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London - Of course, it’s what many of us have suspected all along. But it seems there’s every chance your parents really did have a favourite child.

In an anonymous survey, 62 percent of British parents revealed that they did not give their children equal attention.

About eight percent said they had a child who they treated differently because they were their favourite.

Over a quarter of those who admitted having a favourite said that it was an older child who they felt they could do “more things” with.

The most common reason for having a favourite was because parents felt they had a “stronger bond” with the child (42 percent), while 13 percent said it was because their other child or children misbehaved more.

Of those who confessed they did not give their children equal attention, 45 percent claimed it was because they had “different needs”, while a fifth said it was simply because they saw their children for different amounts of time.

The poll, which involved 1,237 parents with at least two children aged three or over, also asked those who had siblings about how their own parents had treated them.

Nearly half said they felt that their parents had a favourite child when they were younger.

Mark Pearson of shopping discount website MyVoucherCodes.co.uk, which carried out the research, said: “Most parents agree with the fact that you can’t necessarily give the same amount of attention to all children, only because every child is different.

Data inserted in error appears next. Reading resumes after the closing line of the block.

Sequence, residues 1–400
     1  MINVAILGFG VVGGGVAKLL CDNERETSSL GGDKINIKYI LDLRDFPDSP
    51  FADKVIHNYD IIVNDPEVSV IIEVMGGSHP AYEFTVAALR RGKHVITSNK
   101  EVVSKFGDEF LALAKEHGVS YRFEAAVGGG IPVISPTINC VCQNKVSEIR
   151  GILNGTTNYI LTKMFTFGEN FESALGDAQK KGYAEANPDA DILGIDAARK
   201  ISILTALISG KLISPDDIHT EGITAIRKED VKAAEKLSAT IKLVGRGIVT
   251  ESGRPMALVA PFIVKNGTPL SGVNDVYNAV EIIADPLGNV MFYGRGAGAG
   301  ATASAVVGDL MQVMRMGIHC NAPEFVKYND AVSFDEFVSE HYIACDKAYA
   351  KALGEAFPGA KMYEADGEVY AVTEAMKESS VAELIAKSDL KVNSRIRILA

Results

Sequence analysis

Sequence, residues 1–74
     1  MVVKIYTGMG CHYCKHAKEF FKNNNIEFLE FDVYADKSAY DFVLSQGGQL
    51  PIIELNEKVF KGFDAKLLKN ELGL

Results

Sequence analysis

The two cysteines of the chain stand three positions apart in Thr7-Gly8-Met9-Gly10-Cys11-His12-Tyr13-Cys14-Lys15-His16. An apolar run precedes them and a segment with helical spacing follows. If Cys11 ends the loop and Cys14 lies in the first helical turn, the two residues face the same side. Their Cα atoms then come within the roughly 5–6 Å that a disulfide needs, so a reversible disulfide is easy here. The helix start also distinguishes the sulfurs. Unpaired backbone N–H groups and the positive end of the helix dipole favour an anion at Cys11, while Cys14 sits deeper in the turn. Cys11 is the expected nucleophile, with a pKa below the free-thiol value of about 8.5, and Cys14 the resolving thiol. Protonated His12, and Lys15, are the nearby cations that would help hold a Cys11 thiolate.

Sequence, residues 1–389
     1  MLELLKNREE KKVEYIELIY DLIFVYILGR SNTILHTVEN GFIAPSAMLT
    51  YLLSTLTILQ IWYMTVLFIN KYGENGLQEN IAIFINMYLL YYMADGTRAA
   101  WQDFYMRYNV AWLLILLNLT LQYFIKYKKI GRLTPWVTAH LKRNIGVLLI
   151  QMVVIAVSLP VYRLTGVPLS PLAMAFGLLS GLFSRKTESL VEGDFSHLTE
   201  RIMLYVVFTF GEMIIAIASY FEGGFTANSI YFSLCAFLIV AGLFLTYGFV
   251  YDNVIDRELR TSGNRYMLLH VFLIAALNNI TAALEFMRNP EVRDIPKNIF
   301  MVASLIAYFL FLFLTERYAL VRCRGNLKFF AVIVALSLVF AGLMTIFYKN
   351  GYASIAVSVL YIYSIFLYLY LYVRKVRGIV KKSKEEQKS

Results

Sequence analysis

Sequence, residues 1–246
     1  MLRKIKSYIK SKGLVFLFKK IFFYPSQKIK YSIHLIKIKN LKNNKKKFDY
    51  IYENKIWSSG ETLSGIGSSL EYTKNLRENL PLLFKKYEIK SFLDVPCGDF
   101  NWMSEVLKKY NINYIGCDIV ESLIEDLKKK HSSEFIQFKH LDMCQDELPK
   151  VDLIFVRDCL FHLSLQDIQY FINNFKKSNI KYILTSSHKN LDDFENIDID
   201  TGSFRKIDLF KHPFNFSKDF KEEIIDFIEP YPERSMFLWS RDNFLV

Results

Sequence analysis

“It will always sound insensitive to admit that you have a ‘favourite child’ but I guess it’s more about sharing more with one than the other.”

In 2009, a study of 14,000 families in the Bristol area that found that each successive sibling received “markedly” less care and attention from their parents than their older siblings.

Older siblings were found to be better fed and had higher IQs because they were given their parents’ undivided attention for the first part of their lives.

Psychologists have suggested that older children are often favoured because of the Darwinian logic that first-born children absorb a lot of time – and parents believe that once they have invested so much in a child they might as well carry on.

American science writer Jeffrey Kluger published a book about siblings that claimed parental favouritism is hardwired in the human psyche. In The Sibling Effect: What the Bonds Among Brothers and Sisters Reveal About Us, he wrote: “It is my belief that 95 percent of the parents in the world have a favourite child, and the other five percent are lying.” - Daily Mail